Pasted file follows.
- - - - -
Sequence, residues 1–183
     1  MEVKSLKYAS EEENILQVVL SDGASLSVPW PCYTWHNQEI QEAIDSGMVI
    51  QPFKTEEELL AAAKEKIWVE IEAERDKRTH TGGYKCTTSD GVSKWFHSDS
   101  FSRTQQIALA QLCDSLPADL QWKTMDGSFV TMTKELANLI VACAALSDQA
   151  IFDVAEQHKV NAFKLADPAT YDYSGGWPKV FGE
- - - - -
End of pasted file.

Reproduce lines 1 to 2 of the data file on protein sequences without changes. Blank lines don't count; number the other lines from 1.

Sequence, residues 1–183
     1  MEVKSLKYAS EEENILQVVL SDGASLSVPW PCYTWHNQEI QEAIDSGMVI